Typically, the homeowner (or building owner if renting) is responsible for paying to fix mold problems, however, some homeowner insurance policies may carry a portion of the financial burden in the event that mold causes damages to the home.
Because mold has been a specific topic of interest in the media in the last 5-10 years or more with new lawsuits rising up everywhere you turn, insurance companies have revised their policies regarding how they deal with mold liability and coverage to prevent potential large losses. Thankfully, some of the so-called “black mold” hype has calmed down, making some homeowner insurance policies more accommodating of mold damage coverage, but there are still many policies who refuse to cover anything surrounding a mold, mildew or fungus issue. Reviewing your particular insurance policy should give you more specific information on what is or is not covered.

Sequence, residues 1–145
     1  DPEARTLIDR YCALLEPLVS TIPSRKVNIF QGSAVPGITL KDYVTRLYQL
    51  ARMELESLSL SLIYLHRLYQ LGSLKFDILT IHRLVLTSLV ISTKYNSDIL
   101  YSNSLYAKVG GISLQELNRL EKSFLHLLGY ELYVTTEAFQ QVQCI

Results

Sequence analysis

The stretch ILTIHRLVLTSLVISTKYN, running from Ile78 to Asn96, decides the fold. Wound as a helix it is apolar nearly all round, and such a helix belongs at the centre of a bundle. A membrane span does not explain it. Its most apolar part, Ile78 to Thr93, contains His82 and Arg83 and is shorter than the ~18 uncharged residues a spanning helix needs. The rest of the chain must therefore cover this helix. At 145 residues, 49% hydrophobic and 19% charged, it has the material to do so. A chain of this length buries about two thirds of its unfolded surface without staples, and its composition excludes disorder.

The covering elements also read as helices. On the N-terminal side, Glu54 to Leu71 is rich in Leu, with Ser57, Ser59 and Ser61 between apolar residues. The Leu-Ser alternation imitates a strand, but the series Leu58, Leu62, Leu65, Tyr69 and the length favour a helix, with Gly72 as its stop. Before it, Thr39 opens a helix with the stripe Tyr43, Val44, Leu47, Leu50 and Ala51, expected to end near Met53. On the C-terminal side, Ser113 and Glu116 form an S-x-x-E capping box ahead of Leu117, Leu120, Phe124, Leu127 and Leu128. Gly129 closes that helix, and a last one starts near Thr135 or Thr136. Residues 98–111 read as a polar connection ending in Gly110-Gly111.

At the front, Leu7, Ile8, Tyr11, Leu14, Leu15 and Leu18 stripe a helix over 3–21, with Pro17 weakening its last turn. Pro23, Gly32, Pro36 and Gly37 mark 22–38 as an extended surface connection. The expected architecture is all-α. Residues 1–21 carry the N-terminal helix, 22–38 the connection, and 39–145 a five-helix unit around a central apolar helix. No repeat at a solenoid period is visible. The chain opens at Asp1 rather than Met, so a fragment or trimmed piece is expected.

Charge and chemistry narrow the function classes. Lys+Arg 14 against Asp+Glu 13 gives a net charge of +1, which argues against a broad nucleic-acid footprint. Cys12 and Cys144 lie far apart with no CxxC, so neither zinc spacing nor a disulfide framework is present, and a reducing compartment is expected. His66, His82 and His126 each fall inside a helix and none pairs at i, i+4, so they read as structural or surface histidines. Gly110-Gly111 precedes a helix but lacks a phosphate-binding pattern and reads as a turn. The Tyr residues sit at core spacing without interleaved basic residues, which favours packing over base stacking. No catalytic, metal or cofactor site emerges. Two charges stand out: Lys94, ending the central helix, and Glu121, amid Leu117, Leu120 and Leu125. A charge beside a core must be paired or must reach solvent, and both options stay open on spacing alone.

Insurances will take into consideration two very important things when evaluating the compensability of a mold claim:
- What was the specific cause of the mold growth.
- If the problem behind the mold growth goes unreported or unfixed for 24 to 48 hours or more, the insurance company may consider the mold growth due to owner neglect and void any coverage they may have otherwise paid.
Your landlord may have you sign a lease addendum regarding mold growth, which may include things like agreeing to using a fan while showering and reporting water problems or leaks immediately. It’s very important that you follow the agreement to protect you from liability if a mold problem presents itself. Also, check your personal rental insurance policy to see what it covers as far as replacement of mold-damaged personal belongings.